With that, he got to his feet, pulling his bag up with him.

He wavered, though. Just slightly, face paling before he sneezed three times.

She tilted her head, suddenly curious. “Are you sick?”

He swallowed with some obvious discomfort, shouldering his pack. “The Aesir to not fall prey to illness often,” he announced with all due authority and respect.

He would have pulled it off, too, if a cough hadn’t punctuated a counterpoint for him.

She stepped forward, noting that his forehead was glistening -- not from the shower, she realized. “Do you have a fever?”

Squaring his shoulders, he seemed offended by the suggestion. “I am fine.”

With that, he made to move past her, his large biceps brushing against her. Surprised, she grabbed his arm, turning him and lifting a hand to his cheek. “No, you’re not,” she said. “You’re burning up.”

“I am fine,” Thor said, a bit more gruffly this time, his eyes narrowing in disdain.

“No, you’re not,” she said, more insistently now as she looked at him again. His detachment wasn’t just hurt feelings. No, he wasn’t feeling well. His eyes were brighter than usual and his posture just slightly slouched. There were bags under his eyes, and the sneezing and coughing were no coincidence. “Do you have the flu on Asgard?”

“I do not know what the flu is,” Thor said crossly, pulling his arm away. “Now, please. I must go.”

“No,” Jane said. “You must get better.”

“I am not sick,” Thor growled.

“Um, yes,” Jane said. “I mean, I don’t know exactly what your resting metabolic rates are, but I’ve been around you enough to know that you’re not that hot. I mean, you’re hot, but not hot like that.”

He looked confused.

She shook her head. “I just mean that you’re sick,” she said.

“Then I will get better,” he told her. “My people have advanced healing capabilities.”

She knew that. The medics who’d first come to their aid after the attack on London had been deeply concerned about Thor’s condition, given the strain on his body. After three harrowing hours of unconsciousness, though, he’d woken up and asked for a hamburger. When they’d tried to run more tests, he’d merely ripped the equipment out of the wall and left.

Even so, she didn’t like the idea of letting Thor out with a fever. “Fine,” she said. “So you’ll be ready to go by this afternoon.”

“My decisions are no concern of yours,” he said, with an edge to his voice.

“You want to go fly through the sky when you’ve got a fever?” she asked, incredulous. “That doesn’t sound like a good idea.”

“And staying here when you clearly do not wish it sounds even worse,” he snapped.

She blinked, startled by his tone. The words hurt.

His shoulders slumped, his anger giving way to what appeared to be genuine exhaustion. “Forgive me,” he murmured. “Perhaps I am more tired than I allowed myself to admit.”

She shifted on her feet. “I never said you had to go,” she said quietly.

His mouth lifted in a small smile. “And yet you never asked me to stay,” he said.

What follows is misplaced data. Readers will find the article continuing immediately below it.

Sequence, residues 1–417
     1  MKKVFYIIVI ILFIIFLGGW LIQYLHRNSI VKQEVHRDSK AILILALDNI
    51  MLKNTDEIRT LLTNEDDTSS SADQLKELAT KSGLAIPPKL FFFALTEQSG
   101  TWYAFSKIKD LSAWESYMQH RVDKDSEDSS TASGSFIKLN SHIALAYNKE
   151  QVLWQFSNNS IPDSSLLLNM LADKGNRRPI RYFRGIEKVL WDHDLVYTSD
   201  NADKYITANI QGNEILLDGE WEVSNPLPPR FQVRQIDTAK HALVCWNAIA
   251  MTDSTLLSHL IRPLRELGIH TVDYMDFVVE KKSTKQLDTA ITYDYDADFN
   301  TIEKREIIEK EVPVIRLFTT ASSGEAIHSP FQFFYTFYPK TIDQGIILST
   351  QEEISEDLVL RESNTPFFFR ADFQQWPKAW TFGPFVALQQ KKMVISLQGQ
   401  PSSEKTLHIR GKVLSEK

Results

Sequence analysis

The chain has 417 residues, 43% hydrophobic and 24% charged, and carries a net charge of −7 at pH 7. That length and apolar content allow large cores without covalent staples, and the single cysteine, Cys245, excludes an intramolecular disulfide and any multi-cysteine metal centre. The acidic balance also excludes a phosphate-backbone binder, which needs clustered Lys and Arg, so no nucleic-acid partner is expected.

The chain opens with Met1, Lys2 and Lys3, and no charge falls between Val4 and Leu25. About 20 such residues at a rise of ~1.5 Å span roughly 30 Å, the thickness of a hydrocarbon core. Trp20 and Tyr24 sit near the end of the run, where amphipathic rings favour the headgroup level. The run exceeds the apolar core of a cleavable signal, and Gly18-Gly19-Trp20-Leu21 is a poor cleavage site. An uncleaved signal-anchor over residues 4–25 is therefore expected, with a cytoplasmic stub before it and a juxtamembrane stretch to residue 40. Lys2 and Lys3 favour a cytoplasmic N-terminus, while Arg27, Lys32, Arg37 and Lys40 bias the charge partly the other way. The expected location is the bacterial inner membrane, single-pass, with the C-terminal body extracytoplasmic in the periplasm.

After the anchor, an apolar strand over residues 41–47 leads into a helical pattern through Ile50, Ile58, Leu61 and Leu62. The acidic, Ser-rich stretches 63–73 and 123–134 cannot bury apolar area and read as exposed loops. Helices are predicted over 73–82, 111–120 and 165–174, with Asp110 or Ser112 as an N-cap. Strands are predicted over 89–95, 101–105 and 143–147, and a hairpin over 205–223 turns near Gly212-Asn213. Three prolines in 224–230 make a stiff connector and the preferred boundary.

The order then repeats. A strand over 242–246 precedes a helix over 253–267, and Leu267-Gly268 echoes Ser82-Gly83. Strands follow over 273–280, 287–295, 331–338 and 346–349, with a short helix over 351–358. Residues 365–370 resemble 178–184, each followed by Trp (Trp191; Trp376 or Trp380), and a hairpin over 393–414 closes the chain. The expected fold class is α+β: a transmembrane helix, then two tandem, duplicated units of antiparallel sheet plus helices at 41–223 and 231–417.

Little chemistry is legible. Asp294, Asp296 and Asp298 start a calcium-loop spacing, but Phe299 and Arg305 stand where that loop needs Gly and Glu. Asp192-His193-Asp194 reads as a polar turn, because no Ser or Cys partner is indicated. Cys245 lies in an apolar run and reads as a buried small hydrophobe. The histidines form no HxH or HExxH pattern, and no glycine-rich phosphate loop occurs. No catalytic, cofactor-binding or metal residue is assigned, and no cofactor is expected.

“Well, for now I am,” she replied, with an eager shrug. “Just until you’re feeling better. I--”

She stopped short, not sure what she wanted to say.

I was wrong last night.

I wish things could be different.

I don’t know how to fix this.

I want to start again.

I love you.

She wet her lips, forcing a smile. “I care about you.”

The rest of his anger faded, and the uncertainty dimmed in his eyes. The look he gave her -- one of such focus and understanding -- was why she’d never been able to say no to him in the first place.

“Okay,” he agreed, nodding in deference to her. “But only as you wish.”


It was still good.

That was the thing, the part that was so easy to forget when it was annoying or frustrating. She didn’t want him everywhere, but she still wanted him. Those two years without him had been empty and long. To lose him now, after having him so closely--

She wasn’t sure she wanted to know.

The doubts aside, she didn’t know what to say. Thor was docile at breakfast, and though he offered to help, she insisted on doing it herself. She started by making him tea, then busied herself by making eggs and bacon. He downed the first helping, and she was quickly making the second when she came back to find him asleep on the couch.

The mighty god of thunder.

Asleep on her couch.

She sighed, putting his plate down and snagging a blanket to throw over him.

She should have told him, she realized. Not just the bad, but the good. She should have told him that she didn’t know what she was doing, and that that was part of the problem. They had to figure this out together.

Sitting down in a chair close to him, she picked up the plate and started to eat.


She hadn’t actually counted on Thor staying asleep, especially since he was still passed out sitting up, his head lolled back against the couch with his perfect blonde hair spilling over the back.

He did have perfect hair. Far too perfect. She considered stealing a strand to have it analyzed because she was convinced it had to have anatomical properties that differentiated it from human hair. Because her hair never looked like that, even when she bothered to blow dry and use product.

But, not now.

Whether or not they were breaking up (whether or not they were actually together), Thor was clearly unable to take care of himself for the moment. Which meant it was up to Jane.

She didn’t even know what that meant, but when Thor’s phone rang, she flushed. The ringer was loud and obnoxious -- some rock tune Jane had insisted he settle on after hearing him play through the entire list of options fifteen times. She hadn’t even told him that he could download is own. Her sanity couldn’t have handled that.

Scrambling, she half tripped, jarring her leg on the coffee table. She snatched the pack off the couch, riffling through it while muttering to herself.